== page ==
The primary CD8 T cell immune response constitutes a major mechanism to fight an infection by intra-cellular pathogens. We aim at assessing whether pathogen-specific dynamical parameters of the CD8 T cell response can be identified, based on measurements of CD8 T cell counts, using a modeling approach. We generated experimental data consisting in CD8 T cell counts kinetics during the response to three different live intra-cellular pathogens: two viruses (influenza, vaccinia) injected intranasally, and one bacteria (Listeria monocytogenes) injected intravenously. All pathogens harbor the same antigen (NP68), but differ in their interaction with the host. In parallel, we developed a mathematical model describing the evolution of CD8 T cell counts and pathogen amount during an immune response. This model is characterized by 9 parameters and includes relevant feedback controls. The model outputs were compared with the three data series and an exhaustive estimation of the parameter values was performed. By focusing on the ability of the model to fit experimental data and to produce a CD8 T cell population mainly composed of memory cells at the end of the response, critical parameters were identified. We show that a small number of parameters (2-4) define the main features of the CD8 T cell immune response and are characteristic of a given pathogen. Among these parameters, two are related to the effector CD8 T cell mediated control of cell and pathogen death. The parameter associated with memory cell death is shown to play no relevant role during the main phases of the CD8 T cell response, yet it becomes essential when looking at the predictions of the model several months after the infection.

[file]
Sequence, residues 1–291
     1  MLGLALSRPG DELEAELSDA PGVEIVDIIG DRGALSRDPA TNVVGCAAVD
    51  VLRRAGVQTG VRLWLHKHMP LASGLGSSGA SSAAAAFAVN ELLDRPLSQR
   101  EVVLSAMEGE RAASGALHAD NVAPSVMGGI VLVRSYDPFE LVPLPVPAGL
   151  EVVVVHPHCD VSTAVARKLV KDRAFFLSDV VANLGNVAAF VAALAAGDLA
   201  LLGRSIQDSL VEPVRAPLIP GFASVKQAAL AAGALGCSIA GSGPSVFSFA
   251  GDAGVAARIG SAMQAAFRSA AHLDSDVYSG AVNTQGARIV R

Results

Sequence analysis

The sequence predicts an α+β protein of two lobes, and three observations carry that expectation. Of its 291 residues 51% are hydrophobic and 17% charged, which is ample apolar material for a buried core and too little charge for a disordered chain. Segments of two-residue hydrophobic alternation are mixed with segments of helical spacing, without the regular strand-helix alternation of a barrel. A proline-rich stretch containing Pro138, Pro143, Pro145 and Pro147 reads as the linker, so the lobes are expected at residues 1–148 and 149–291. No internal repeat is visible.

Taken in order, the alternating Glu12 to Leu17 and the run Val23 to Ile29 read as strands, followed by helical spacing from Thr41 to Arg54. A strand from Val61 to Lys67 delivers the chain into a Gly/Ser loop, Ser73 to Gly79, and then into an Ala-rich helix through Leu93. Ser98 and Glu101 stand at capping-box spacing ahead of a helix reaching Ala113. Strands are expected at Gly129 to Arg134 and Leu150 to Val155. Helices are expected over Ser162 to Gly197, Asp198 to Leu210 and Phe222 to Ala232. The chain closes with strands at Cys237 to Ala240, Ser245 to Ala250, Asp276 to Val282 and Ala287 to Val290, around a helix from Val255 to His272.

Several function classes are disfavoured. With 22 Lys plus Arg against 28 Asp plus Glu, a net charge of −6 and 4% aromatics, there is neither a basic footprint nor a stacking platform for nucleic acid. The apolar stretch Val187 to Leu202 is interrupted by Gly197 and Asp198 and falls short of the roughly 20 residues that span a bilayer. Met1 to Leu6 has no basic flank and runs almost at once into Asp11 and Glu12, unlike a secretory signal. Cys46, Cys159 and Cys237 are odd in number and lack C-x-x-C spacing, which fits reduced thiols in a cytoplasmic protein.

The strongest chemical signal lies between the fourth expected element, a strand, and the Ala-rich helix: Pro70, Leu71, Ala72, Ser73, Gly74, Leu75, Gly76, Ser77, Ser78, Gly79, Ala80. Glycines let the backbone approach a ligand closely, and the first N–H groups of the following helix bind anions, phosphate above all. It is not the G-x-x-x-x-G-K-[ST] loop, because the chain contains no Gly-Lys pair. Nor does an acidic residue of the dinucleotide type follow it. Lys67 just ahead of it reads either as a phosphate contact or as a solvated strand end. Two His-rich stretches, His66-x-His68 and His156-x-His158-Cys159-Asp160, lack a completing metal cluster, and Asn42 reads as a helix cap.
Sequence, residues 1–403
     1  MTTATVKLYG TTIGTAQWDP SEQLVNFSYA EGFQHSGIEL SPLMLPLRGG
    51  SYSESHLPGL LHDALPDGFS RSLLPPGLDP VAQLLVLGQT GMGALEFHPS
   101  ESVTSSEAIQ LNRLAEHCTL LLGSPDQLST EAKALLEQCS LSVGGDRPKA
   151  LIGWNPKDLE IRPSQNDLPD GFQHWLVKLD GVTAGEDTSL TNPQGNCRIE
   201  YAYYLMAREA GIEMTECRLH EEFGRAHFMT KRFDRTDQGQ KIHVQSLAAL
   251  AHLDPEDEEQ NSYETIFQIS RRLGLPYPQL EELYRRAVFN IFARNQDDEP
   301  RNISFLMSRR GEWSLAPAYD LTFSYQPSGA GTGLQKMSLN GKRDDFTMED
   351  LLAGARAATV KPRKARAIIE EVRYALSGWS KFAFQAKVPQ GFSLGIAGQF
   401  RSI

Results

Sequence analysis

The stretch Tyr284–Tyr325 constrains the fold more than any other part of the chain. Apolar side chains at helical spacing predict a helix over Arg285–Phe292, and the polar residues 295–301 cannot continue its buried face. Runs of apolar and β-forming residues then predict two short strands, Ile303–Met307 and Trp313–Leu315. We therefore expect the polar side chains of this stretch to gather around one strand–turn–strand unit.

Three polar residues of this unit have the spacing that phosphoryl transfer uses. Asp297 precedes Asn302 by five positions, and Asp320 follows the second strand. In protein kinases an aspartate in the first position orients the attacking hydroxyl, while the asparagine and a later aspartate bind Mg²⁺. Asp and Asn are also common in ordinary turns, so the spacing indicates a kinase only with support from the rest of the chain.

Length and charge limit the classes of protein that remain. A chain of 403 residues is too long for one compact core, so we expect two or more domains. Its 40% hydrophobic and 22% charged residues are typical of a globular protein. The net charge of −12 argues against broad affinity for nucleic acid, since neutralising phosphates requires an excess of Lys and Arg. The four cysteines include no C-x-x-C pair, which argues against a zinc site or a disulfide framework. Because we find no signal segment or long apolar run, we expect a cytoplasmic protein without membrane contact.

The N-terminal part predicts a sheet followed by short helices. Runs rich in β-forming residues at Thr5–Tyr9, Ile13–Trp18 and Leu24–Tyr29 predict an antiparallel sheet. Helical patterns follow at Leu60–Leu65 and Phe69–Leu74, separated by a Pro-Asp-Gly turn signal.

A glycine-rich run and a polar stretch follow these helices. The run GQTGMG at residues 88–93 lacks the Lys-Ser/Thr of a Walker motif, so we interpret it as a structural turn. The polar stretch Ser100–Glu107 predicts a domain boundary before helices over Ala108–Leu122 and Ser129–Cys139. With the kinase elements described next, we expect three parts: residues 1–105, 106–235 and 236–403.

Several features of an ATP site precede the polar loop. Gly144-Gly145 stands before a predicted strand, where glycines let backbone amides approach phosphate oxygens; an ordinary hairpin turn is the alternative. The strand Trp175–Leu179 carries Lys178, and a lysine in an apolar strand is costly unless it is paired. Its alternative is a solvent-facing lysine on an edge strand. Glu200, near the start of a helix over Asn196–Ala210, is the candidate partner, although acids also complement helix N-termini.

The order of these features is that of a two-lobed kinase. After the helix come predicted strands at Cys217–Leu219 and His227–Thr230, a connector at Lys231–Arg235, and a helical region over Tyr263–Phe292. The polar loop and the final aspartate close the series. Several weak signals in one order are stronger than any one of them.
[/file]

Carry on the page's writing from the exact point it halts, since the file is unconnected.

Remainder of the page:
Keywords: CD8 T cells; Immune response; Nonlinear model; Parameter value estimation; Predictive model.
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